Is Singapore being a difficult neighbour?

Have you thought about these things?

  • Why does Indonesia want back control of Riau airspace?
  • Why is Malaysia so uptight about their airspace?
  • Why are we so uptight about the charges on Singapore cars at the border?
  • Why do countries refuse our assistance for humanitarian aid?
  • Why is Singapore so bothered with Malaysian efforts to increase prices at the causeway?
  • Why is Singapore so concerned over the South China Sea, when we are miles away from it?

The answer to all these questions is: sovereignty. Already Singapore is land scarce and we’re so small. The only means of livelyhood is through international laws that keep our land, seas and skies open. If these were ever to have shut off, this country would slowly starve to death.

For some reason or other, our neighbours have from time to time attempted to restrict our airspace. Granted, our activity requires us to perform operations such as radar and flight paths that necessarily intrude into their airspace, but that is what the international agreements are for.

What will happen should air-space be made unavailable to us? To start with, commercial planes are going to find it a lot more difficult to land in the country. This would directly increase the cost and time to travel in and out of Singapore dramatically.

Although land traffic in and out of the causeway does not see as diverse an audience as those passing through the skies or waters, it is still significant. If we allow the Malaysian authorities to raise the toll prices as they wish without consequence, we’re sending them a message that they can do anything they like and we’re ok with it. This cannot be the case. It is for this reason that we’re introducing retaliatory charges whenever they try to be funny.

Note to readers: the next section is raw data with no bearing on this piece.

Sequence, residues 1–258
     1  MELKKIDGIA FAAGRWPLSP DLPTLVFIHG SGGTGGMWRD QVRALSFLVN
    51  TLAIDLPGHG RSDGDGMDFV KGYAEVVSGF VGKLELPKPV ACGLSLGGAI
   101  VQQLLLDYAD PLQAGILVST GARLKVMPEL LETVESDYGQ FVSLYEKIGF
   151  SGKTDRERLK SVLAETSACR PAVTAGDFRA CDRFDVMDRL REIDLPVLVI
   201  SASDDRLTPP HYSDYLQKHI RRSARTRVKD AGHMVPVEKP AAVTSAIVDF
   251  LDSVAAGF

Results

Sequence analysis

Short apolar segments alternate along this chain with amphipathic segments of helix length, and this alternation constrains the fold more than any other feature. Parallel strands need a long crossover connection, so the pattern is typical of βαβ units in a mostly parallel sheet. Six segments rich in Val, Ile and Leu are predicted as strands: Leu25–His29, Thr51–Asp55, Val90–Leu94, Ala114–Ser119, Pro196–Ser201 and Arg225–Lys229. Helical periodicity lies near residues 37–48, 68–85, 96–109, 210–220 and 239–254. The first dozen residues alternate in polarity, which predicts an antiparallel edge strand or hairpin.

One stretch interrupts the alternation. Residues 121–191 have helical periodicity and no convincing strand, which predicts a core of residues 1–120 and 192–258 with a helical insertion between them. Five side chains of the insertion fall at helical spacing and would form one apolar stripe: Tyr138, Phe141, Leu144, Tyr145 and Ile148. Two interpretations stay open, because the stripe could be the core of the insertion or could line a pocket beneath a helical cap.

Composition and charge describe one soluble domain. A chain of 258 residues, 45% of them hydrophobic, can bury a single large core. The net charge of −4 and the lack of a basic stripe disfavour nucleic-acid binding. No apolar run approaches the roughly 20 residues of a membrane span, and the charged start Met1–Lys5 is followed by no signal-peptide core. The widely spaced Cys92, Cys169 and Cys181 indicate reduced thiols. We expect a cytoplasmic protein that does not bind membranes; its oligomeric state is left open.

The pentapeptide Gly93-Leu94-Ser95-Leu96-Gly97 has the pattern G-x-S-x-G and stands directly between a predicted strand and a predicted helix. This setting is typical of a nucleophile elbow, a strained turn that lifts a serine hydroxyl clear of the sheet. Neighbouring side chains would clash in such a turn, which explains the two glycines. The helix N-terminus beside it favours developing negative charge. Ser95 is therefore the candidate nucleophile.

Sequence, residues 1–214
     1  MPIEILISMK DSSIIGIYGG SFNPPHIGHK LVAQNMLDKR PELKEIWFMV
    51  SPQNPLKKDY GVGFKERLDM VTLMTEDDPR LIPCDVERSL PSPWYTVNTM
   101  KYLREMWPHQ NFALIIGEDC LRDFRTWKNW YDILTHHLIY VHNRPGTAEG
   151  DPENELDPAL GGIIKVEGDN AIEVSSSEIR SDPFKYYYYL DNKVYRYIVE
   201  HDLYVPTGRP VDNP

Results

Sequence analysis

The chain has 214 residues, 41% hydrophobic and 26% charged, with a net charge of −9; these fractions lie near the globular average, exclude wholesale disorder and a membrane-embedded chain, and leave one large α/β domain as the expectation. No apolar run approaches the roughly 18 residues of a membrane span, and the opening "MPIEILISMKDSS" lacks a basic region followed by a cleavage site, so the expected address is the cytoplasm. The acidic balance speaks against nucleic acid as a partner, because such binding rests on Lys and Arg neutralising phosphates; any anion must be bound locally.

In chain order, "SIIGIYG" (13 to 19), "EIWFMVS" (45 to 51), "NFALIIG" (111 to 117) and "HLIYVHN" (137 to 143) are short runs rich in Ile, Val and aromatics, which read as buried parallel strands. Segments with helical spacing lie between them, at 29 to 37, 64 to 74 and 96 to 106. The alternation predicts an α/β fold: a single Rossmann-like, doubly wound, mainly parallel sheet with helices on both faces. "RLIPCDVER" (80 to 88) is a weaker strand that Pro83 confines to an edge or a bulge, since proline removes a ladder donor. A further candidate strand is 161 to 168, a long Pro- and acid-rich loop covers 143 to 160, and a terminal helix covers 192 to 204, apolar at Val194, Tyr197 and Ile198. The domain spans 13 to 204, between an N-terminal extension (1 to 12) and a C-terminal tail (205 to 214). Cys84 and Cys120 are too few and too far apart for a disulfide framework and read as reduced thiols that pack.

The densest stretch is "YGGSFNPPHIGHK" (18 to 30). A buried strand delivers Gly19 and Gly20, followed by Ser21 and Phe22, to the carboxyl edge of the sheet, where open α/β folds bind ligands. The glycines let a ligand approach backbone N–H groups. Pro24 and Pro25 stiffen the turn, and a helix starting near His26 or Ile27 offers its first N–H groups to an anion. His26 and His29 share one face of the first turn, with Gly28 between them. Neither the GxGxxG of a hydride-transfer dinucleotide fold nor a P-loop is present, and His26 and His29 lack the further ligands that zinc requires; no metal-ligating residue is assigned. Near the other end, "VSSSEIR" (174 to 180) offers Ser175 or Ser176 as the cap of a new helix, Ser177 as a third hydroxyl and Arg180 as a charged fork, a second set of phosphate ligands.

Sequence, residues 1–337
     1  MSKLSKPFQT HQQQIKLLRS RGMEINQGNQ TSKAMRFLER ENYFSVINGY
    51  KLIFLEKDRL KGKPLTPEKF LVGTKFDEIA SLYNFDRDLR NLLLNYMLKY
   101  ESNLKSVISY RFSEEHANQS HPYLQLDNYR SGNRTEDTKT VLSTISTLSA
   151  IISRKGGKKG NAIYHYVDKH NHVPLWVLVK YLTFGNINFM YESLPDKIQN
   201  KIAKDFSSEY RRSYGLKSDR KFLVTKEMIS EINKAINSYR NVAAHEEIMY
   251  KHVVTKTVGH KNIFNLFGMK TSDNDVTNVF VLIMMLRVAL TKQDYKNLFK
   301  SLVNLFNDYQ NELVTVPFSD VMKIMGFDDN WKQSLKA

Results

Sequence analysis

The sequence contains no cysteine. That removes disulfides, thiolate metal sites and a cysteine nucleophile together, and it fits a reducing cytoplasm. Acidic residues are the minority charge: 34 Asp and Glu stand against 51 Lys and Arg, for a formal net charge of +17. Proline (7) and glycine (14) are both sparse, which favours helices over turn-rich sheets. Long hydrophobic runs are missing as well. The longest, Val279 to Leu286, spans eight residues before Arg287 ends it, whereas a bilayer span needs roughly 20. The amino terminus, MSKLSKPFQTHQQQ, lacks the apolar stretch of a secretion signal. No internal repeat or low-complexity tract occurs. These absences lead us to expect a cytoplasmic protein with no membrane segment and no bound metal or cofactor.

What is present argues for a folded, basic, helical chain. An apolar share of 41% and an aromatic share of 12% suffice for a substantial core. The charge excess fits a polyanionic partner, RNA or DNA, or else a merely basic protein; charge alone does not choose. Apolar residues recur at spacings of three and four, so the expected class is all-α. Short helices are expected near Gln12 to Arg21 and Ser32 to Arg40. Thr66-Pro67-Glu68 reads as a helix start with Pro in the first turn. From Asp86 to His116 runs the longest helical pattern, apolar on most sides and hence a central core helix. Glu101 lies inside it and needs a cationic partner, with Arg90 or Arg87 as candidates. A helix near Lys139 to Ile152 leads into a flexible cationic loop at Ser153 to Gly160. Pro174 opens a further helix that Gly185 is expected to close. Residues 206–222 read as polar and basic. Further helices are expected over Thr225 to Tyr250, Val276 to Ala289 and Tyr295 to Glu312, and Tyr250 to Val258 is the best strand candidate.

The same goes for the waters surrounding Singapore and as well as the South China Sea. Even though the troubled waters are quite a distance from us, we cannot allow another country to throw their weight about and give no heed to the rule of law. Of course, there are immediate primary reasons for this also, trouble in the South China Sea will have a direct negative impact on our economy, but the principals remain: we cannot let the rule of law go disrespected.

At the gist of it all, sits the fact that we’re a small country and the larger countries won’t let us forget it. Now although we’re a small country, we pack a pretty mean punch.

 

 

 

 

 

 

 

 

 

 

 

 

 

 

 

 

 

About the author

Benjamin Chiang

Benjamin Chiang is an enthusiast of good advertising, deep thinking, labour issues and chocolate. He writes also at www.rangosteen.com and occasionally on Yahoo!

The views expressed are his own.

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